That bad Joe, back in those days parents could get away with capital punishment....:lol:

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Roadrunner.the tank was called Tiger Joe by universal Reading.You can get them on the bay but working examples can be pricey.

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Another favorite toy from when I was kid, was a '55 or '56 plastic Cadillac Eldorado. About 1/43 scale in size. All of the ones sold at our local Ben Franklin were molded in red. You could buy them one of two ways. A convertible with no top. Or a convertible with a snap on hardtop. Even as a kid, I could never understand why anybody would have bought one without the top. The top just snaps on and off using the same holes in both (really one) body styles. From want I remember, the tops came molded in white. And there may have been some white cars with red tops. But, I can't be sure on that?

A few years back I found a blue one for sale on eBay. Blue with a red top. Not the best color combination. But, I bought it anyhow. As I do like blue. This was the first time I had ever seem a blue one.

i think these Cadillacs were made by a company called Precision Plastics. But, again I'm not 100% sure on that. These little Cadillacs had a major influence on my taste in what a luxury car should be to this day. And I'm pleased to have the blue one in my collection today. (Now that it's summer, I need to take to top off.)

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Great thread here. Lots of cool memories for sure.

A few I had. PICs from the net and not my originals...sure wish I still had them!

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Roadrunner.the tank was called Tiger Joe by universal Reading.You can get them on the bay but working examples can be pricey.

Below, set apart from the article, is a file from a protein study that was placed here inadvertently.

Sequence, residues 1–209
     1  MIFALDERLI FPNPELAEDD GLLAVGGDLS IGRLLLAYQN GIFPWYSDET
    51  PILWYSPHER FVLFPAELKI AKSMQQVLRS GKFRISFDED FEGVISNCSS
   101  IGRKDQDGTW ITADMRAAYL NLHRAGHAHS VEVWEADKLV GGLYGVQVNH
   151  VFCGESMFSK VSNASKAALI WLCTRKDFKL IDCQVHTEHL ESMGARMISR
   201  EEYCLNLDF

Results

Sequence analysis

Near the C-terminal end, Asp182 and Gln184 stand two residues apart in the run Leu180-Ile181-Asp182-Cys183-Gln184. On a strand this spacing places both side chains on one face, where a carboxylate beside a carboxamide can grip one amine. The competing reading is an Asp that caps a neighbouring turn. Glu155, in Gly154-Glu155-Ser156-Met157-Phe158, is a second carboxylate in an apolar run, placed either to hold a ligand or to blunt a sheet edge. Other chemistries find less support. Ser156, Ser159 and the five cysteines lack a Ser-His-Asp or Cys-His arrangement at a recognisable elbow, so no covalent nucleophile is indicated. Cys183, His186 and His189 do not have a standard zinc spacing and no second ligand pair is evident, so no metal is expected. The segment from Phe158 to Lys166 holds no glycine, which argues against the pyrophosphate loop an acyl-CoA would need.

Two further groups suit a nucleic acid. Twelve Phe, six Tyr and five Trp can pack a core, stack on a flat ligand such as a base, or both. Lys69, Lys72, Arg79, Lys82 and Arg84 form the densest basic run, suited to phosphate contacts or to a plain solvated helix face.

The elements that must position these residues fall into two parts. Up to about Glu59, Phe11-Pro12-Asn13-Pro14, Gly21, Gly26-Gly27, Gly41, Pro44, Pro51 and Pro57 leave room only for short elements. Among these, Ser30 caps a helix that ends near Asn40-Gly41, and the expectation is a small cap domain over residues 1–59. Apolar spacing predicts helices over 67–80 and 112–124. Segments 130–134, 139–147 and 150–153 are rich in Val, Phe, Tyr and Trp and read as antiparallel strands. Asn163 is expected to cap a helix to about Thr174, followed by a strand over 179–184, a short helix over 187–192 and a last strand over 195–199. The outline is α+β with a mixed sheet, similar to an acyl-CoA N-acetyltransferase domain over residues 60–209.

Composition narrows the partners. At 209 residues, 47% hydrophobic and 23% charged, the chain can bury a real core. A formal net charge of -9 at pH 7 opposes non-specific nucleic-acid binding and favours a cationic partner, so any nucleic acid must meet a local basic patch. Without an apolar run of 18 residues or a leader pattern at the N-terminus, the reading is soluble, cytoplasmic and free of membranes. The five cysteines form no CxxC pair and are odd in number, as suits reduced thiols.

That may well have been it, but it looks different from what I remember.

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That may well have been it, but it looks different from what I remember.

Could it have been the one I posted on page 3 of this thread?

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That big tow truck was "Big Bruiser" by Marx. Pretty cool...

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As a kid I had the usual Tonka dump truck and loader. I also had a Tonka Winnebago camper that I sat on and rode around on. Unfortunately, after being told repeatedly not to leave it in the driveway, my dad ran it over with the car. A couple more are first, the Adam 12 police car with "action figures" and second, Squad 51...again, with the "action figures." And finally, another that comes to mind is a Hot Wheels or Matchbox car that had a magnet embedded in the bottom to hold it onto a circular disk with a road course that spun around slowly and you "drove" the car around on the road. I've been periodically searching for the Squad 51 set over the last few years for a reasonable price to no avail. Come to think of it, I had the Smash Up Derby cars mentioned earlier and the Evel Knievel motorcycle with action figure too.

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Could it have been the one I posted on page 3 of this thread?

I can't tell, my memory is too fuzzy. I just remember I thought it was cool, and meshed pretty well with all of my Army toys of the time, as I had gobs of Army stuff, including a plastic M-14 that I really enjoyed. I had a bazooka too, that as I recall, fired blue plastic rounds.

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 I had gobs of Army stuff, including a plastic M-14 .

There were two toy M14s, the very nice Topper Johnny Eagle Lieutenant and the Marx, which was electric and ran on batteries. It made machine gun sound the muzzle recoiled back and forth. I had one of the latter. Which did you have?